Amid layoffs, Vudu concedes its future lies outside of its own set-top box

Despite making its own range of set-top boxes, including two high end devices aimed at home theatre enthusiasts, Vudu’s future ultimately lies outside of building its own hardware, says the company.

“We’re a software company first and foremost,” Vudu co-founder Tony Miranz tells The set-top movie box service had to design and manufacture its own hardware in order to sell the concept to third-party consumer electronics companies, says Miranz.  The plan now is to “try to piggyback on TVs, DVD players and other classes of devices.”

Furthermore, consumer electronics companies like what they see: “Right now, we’re getting bombarded with inquiries. … Our job right now really is to pick and choose partners that we want to work with.”

Of course, with or without hardware partners, Vudu exists in a nascent but increasingly crowded market that includes Apple, Microsoft, Netflix, Blockbuster and others. On that note, the company has tried to position itself as a premium service, offering more High Definition content than its competitors and a superior user experience. A strategy that Miranz suggests is paying off. “We have the highest RPU [revenue per user] of any video-on-demand in the industry … by orders of magnitude. The better the user interface, the higher the revenue per box.”

Getting Vudu’s content and software onto a broader range of devices would also help to further address my accusation that the service is a bit of a one trick pony. Essentially charging an up front cost for the hardware simply to enter the store.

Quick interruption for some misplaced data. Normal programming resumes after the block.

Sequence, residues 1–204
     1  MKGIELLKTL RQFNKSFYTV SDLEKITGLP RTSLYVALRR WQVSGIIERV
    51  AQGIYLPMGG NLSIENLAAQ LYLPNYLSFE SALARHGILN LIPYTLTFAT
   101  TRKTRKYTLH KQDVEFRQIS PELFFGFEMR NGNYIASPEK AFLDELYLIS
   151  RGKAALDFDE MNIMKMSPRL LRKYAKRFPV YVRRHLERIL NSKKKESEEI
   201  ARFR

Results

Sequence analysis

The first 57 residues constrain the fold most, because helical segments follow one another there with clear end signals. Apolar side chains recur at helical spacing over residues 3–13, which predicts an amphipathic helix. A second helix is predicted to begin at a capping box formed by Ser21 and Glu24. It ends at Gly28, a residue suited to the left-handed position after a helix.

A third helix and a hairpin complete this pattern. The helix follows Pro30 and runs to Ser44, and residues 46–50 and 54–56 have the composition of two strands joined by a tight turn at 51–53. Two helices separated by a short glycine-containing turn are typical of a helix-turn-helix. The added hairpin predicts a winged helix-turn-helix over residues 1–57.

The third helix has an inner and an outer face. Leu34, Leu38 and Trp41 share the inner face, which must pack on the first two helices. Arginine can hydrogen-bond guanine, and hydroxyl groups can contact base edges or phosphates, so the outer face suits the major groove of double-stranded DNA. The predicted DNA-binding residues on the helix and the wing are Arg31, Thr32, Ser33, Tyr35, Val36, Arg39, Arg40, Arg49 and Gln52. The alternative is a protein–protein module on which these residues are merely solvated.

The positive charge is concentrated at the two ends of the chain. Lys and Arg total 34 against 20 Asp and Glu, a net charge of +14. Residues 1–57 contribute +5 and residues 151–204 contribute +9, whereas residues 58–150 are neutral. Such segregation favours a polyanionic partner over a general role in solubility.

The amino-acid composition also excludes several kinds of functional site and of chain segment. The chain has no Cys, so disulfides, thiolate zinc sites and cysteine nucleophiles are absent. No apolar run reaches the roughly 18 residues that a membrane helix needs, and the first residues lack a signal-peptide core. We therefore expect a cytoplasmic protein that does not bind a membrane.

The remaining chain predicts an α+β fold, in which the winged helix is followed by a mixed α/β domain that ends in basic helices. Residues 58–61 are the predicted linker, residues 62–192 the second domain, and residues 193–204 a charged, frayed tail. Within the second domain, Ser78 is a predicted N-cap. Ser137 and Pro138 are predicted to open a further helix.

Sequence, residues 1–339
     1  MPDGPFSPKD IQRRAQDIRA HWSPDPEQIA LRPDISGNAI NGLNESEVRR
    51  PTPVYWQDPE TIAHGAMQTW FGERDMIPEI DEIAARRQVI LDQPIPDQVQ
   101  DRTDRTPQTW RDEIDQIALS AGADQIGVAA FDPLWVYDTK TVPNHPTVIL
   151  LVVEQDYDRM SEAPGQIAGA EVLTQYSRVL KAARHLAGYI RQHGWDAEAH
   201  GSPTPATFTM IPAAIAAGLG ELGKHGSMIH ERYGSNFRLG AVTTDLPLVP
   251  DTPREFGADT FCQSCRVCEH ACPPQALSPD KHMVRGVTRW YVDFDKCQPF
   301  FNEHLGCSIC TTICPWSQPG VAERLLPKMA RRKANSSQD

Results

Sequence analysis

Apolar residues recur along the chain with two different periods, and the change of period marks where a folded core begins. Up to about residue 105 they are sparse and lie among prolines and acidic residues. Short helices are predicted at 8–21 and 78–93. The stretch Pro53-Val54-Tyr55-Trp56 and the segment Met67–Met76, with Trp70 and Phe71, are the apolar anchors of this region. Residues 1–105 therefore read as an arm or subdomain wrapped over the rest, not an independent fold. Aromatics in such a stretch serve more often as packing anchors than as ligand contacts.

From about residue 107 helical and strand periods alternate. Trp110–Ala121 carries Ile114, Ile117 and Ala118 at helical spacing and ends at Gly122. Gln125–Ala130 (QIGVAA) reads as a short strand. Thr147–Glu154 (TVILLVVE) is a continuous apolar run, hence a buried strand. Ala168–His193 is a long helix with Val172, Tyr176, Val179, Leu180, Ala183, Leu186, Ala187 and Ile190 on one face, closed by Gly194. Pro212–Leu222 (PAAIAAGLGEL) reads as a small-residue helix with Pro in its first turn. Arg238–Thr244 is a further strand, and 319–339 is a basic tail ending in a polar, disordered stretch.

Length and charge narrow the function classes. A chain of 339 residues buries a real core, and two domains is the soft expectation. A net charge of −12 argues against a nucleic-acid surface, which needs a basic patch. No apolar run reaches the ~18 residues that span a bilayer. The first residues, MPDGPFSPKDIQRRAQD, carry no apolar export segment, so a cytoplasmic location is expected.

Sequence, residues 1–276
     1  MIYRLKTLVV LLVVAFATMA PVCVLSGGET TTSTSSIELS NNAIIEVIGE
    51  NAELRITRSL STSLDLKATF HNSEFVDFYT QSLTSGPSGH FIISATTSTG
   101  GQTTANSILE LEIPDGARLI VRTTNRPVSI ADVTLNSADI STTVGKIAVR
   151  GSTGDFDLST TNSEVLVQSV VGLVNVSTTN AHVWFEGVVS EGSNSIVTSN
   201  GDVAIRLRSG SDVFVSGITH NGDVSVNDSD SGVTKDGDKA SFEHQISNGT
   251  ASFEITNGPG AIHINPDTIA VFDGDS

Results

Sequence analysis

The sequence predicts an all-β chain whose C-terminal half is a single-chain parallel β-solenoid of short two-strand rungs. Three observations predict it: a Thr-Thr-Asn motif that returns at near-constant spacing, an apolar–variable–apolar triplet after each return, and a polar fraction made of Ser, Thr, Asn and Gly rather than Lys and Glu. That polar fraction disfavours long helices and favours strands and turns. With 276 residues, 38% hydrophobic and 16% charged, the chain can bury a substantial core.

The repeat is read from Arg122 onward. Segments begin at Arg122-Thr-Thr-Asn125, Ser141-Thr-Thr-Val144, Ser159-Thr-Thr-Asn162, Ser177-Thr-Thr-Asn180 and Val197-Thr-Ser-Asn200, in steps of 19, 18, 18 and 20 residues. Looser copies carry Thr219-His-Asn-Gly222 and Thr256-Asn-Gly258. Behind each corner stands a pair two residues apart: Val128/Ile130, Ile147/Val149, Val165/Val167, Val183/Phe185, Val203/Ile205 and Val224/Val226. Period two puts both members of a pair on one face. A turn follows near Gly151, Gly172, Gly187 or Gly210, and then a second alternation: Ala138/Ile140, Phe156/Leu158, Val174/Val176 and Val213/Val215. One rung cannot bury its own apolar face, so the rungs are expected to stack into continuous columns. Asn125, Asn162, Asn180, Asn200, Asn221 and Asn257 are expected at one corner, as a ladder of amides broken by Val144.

However, despite Miranz’s spin of the company’s future prospects, also reports a further round of layoffs at Vudu. At its peek the company had “as many as 110 or so employees and is now down to about 50.” Another round of funding is also needed “sooner” rather than later, something that could be problematic during the current economic climate.

last100 is edited by Steve O'Hear. Aside from founding last100, Steve is co-founder and CEO of Beepl and a freelance journalist who has written for numerous publications, including TechCrunch, The Guardian, ZDNet, ReadWriteWeb and Macworld, and also wrote and directed the Silicon Valley documentary, In Search of the Valley. See his full profile and disclosure of his industry affiliations.

2 Responses to “Amid layoffs, Vudu concedes its future lies outside of its own set-top box”

  1. Fanfoot says:

    But its a DOWNLOAD service, meaning there would have to be a DISK or lots of FLASH in the target device. So unlike the Netflix streaming service, this will presumably add significant extra cost to the device it is embedded in, whether BluRay player or whatever.

    But hey, if they can get deals, and I don’t have to pay an upfront fee, I’d be happy to rent digital movies from them over the internet…

  2. Even if it’s a download service, that doesn’t necessarily mean that VUDU needs a lot of storage. By networking to your home computer, they could use the storage and the horsepower there to power a stripped down version.

Leave a Reply